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Postcards From Ocean Avenue: Stan Laurel's Final Years  

By Michael Aushenker
Special to the Lookout

April 1, 2011 -- Long before Facebook…long before cell phones and even answering machines, there was a time when you could pick up the West Los Angeles phone book, find the number of comedy legend Stan Laurel, and reach him at his Santa Monica residence.

The caption should be: Stan Laurel at his desk in his Santa Monica apartment. Photograph courtesy of

Yes, that Stan Laurel, as in Laurel & Hardy, two of the greatest comic actors in recorded history.

During their boom period in the 1920s and 30's, Laurel and Oliver “Babe” Hardy, starred in such classic shorts as “Big Business,” “Sons of the Desert,” “County Hospital,” “Busy Body,” and the Oscar-winning “The Music Box,” arguably their most famous achievement, in which “The Laurel and Hardy Transfer Company” had to transport a piano up a monumentally lengthy flight of stairs and into a house’s second-floor window, complicating the simple task along the way.

However, Laurel and Hardy’s boom went bust as moviegoers’ tastes changed, television upstaged the movies, and Hardy, the heavy-set half of the bumbling, bowler-wearing duo, died at age 65 in 1957. It was soon after that Laurel moved into a Santa Monica apartment building with a sea view.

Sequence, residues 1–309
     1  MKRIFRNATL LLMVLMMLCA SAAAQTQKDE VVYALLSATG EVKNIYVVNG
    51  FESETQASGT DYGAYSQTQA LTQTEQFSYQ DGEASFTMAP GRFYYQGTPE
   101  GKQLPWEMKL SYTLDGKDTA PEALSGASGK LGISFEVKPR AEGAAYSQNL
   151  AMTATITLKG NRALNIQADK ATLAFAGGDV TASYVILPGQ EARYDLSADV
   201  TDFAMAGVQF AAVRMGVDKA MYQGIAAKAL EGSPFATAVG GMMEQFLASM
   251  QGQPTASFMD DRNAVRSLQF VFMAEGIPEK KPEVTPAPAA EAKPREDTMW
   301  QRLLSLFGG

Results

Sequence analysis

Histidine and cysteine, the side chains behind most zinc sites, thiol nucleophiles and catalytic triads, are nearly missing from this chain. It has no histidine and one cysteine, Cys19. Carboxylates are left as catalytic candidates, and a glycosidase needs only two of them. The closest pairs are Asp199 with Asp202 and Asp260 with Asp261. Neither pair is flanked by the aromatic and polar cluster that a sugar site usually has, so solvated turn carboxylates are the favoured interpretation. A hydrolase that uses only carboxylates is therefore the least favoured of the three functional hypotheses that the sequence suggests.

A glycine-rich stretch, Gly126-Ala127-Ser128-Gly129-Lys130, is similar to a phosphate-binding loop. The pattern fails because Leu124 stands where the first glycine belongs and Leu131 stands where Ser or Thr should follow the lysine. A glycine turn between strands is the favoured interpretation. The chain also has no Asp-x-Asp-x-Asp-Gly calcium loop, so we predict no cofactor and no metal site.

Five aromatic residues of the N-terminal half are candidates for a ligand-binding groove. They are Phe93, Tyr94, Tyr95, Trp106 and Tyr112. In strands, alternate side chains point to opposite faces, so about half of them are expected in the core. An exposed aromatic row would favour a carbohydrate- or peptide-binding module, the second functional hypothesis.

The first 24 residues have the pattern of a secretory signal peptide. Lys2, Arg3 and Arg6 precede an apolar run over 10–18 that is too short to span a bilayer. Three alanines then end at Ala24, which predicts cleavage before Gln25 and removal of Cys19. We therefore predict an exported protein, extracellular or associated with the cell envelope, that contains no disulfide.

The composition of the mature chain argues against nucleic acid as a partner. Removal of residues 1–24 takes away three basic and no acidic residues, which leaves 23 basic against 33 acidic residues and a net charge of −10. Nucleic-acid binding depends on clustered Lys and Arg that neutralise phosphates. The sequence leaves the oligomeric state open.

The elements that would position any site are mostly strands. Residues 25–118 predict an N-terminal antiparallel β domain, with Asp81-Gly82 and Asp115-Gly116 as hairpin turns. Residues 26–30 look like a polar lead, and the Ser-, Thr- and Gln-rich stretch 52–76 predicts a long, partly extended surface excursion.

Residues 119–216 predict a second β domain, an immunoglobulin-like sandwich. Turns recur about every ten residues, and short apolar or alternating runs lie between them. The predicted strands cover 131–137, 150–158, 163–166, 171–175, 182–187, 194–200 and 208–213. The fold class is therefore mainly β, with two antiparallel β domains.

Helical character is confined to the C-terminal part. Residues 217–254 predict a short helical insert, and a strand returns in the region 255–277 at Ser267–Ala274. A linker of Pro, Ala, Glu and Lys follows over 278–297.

“Stan and his wife Ida lived at the Oceana from 1958 to his death in 1965 – Ida stayed there a couple more years – and their apartment number was 203,” said Jimmy Wiley, Jr., Grand Sheik of the Way Out West Tent, the Los Angeles chapter of Sons of the Desert, a Laurel and Hardy appreciation society.

Now a boutique luxury hotel, the Oceana on 849 Ocean Avenue still gets calls regarding its famous former tenant of Suite 203 and the first sentence on the hotel’s history at the Oceana website acknowledges that it was the screen legend’s former residence.

Wiley, president of his club for five years and a member since 1974, convenes the Sons monthly at the Mayflower Club in North Hollywood. Back in 1997, on the 30th anniversary of Way Out West, the group toured Laurel and Hardy locations around L.A. One stop was the Oceana.

“The guys at the hotel knew what room it was,” Wiley told Lookout News. “Four of us [split the room cost and] spent the whole night in 203,” inviting other members over to check out the room.

Grand Sheik Wiley on the balcony of Laurel's apartment at the Ocean.
Photograph courtesy of James Wiley, Jr.

According to Wiley, Laurel’s daughter Lois, who is 84 today, “told us that from the kitchen, they could look out to the pool. When we got there, there were no windows in the kitchen.”

Of the Laurel and Hardy team, Stan Laurel was the British national (the American Hardy hailed from Georgia). He was born Arthur Stanley Jefferson, the son of a manager of a group of theaters, in Lancashire, England, on June 16, 1890.

Exhibiting an early inclination for entertainment, Laurel, at 16, joined Fred Karno's comedy company. Charlie Chaplin headlined the troupe, and Laurel served as his understudy.

While the comedy group didn't last, it did succeed in introducing Laurel to America, where he soon segued onto the silver screen with his first two-reel film, “Nuts in May,” in 1917.

Laurel’s professional partner and common law wife, Mae Dahlberg, suggested he assume the professional surname “Laurel.” The re-branding worked: Hal Roach Studios signed Laurel in 1926.